Sorry 'Making a Murderer' Fans, Obama Can't Help Steven Avery

Presidential pardons only work for those who committed federal crimes. 

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After bingeing on the Netflix docu-series Making a Murderer, thousands of people signed petitions for Steven Avery and Brendan Dassey, who were found guilty of the 2005 murder of Teresa Halbach, to be pardoned by President Obama. The wildly popular series called into question some of the evidence that led to their guilty verdicts. 

But last night, The White House issued a statement saying there wasn't really anything Obama could do.

This clemency authority empowers the President to exercise leniency towards persons who have committed federal crimes. Under the Constitution, only federal criminal convictions, such as those adjudicated in the United States District Courts, may be pardoned by the President. In addition, the President's pardon power extends to convictions adjudicated in the Superior Court of the District of Columbia and military court-martial proceedings. However, the President cannot pardon a state criminal offense.

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That petition surpassed 100,000 signatures this week, which meant that the White House had to issue the public response. There's also a petition going on Change.org which has racked up more than 350,000 signatures and that one is, actually, directed towards the person who has the authority to pardon the men: Wisconsin Governor Scott Walker. But looks like that one isn't going to work either. Walker has never issued a pardon during his time in office and he's not about to start now. His office issued a statement Tuesday saying: "Those who feel they have been wrongly convicted can seek to have their convictions overturned by a higher court."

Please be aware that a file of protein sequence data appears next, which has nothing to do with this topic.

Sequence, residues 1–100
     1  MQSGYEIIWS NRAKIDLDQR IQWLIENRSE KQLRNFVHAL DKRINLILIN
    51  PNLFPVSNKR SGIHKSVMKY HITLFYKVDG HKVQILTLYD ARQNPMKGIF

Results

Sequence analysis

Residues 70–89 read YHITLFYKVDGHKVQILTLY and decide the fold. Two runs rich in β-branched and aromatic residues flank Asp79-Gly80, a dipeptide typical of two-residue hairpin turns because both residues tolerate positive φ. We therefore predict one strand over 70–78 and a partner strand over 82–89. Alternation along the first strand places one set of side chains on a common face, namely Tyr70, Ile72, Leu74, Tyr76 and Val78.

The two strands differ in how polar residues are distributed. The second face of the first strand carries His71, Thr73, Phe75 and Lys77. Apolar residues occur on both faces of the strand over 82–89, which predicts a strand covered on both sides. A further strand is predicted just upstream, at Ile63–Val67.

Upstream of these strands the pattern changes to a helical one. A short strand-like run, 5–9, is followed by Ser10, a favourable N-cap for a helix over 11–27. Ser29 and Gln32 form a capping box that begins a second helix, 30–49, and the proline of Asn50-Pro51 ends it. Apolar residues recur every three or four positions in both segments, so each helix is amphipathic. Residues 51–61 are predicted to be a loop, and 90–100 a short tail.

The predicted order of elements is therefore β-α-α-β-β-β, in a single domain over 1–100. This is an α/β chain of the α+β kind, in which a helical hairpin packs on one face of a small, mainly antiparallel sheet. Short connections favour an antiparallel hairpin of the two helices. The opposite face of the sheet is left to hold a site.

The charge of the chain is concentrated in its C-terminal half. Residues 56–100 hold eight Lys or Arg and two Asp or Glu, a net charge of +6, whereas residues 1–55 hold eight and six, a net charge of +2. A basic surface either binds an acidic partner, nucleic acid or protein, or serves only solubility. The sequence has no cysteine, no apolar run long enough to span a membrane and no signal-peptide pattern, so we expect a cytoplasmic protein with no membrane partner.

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As Avery's defense attorney Dean Strang recently told Slate, Avery's last hope is getting a new trial:

What I can say is that his realistic hope for a new trial lies in the category of newly discovered evidence, that you might divide into two subcategories. One might be new factual evidence—someone who's been carrying a secret for 10 years, someone who saw something, someone who heard something, a new alibi. Or, second, it might be in a subcategory that you could call scientific advance: new testing techniques that might be available or old testing techniques that might be now more economical or feasible for the defense to try to run if we seek retesting.

Like many of the petitioners, we'll be waiting to see what happens next.

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